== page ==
Beethoven’s Lairs
“Alstergasse 45”


Ludwig van Beethoven’s first task after he had arrived in Vienna was to establish himself as a pianist and composer. And we know that this is something he achieved both rapidly and with remarkable success. For one, Beethoven had strong contacts to aristocratic circles, and they delighted in welcoming him to their town palaces and country estates. Many kept private orchestras or even opera companies, and they employed wind bands or a quartet of string players. Baron van Swieten, who had made it his mission to introduce the music of Bach and Handel to Viennese audiences organized a substantial number of private concerts, and it is through him that we learn one of the first living quarters of Beethoven. He writes in 1793, “To Herr Beethoven in Alstergasse, No. 45, with the Prince Lichnowsky: If there is nothing to hinder next Wednesday I should be glad to see you at my home at half past 8 with your nightcap in your bag. Give me an immediate answer. Swieten.”

Prince Lichnowsky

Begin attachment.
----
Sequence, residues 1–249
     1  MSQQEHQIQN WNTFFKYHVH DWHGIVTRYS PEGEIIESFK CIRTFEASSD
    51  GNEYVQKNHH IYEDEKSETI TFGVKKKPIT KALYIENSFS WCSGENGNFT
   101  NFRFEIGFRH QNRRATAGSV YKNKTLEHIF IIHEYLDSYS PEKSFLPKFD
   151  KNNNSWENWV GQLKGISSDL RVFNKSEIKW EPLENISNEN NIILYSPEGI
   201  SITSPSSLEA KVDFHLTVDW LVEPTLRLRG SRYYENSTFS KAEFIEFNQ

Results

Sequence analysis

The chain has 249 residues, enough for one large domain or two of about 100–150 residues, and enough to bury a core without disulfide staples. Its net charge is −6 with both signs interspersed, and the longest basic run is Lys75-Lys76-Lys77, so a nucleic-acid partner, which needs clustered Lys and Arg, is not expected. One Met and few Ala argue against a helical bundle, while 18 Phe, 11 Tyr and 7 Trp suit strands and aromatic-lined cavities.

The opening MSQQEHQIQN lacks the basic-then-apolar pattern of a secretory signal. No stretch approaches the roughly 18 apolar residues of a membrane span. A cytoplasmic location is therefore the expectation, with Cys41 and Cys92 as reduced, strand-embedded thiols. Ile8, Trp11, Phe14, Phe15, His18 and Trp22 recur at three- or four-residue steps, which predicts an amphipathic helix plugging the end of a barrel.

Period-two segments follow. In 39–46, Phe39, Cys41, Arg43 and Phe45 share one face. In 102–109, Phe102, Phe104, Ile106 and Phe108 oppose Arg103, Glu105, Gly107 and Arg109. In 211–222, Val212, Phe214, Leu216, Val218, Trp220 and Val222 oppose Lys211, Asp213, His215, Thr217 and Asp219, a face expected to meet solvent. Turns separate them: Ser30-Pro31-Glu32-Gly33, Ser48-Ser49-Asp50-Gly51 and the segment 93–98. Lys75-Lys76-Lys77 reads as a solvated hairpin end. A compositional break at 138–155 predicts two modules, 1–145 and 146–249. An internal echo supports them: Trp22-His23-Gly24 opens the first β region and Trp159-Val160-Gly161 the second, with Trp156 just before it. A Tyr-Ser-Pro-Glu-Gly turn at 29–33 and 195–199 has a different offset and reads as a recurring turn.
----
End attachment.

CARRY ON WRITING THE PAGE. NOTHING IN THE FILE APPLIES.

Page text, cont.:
Prince Lichnowsky owned a substantial number of real estate in Vienna, and he seems to have allowed Beethoven to use, free of charge, a flat on the ground floor at his property at the Alstergasse 45 between 1792 and 1793. By 1794, Beethoven had moved into a 1st floor flat at the same address. In return, Beethoven composed his three Trios, subsequently published as Op. 1, and brought them for a premiere performance to Lichnowsky’s house. Joseph Haydn was in the audience, and according to an eyewitness “Haydn said many pretty things about them, but advised Beethoven not to publish the third, in C minor. This astonished Beethoven, inasmuch as he considered the third the best of the Trios, as it is still the one, which gives the greatest pleasure and makes the greatest effect. Consequently, Haydn’s remark left a bad impression on Beethoven and led him to think that Haydn was envious, jealous and ill disposed toward him. I confess that when Beethoven told me of this I gave it little credence. I therefore took occasion to ask Haydn himself about it. His answer, however, confirmed Beethoven’s statement; he said he had not believed that this Trio would so quickly and easily be understood and so favorably received by the public.”

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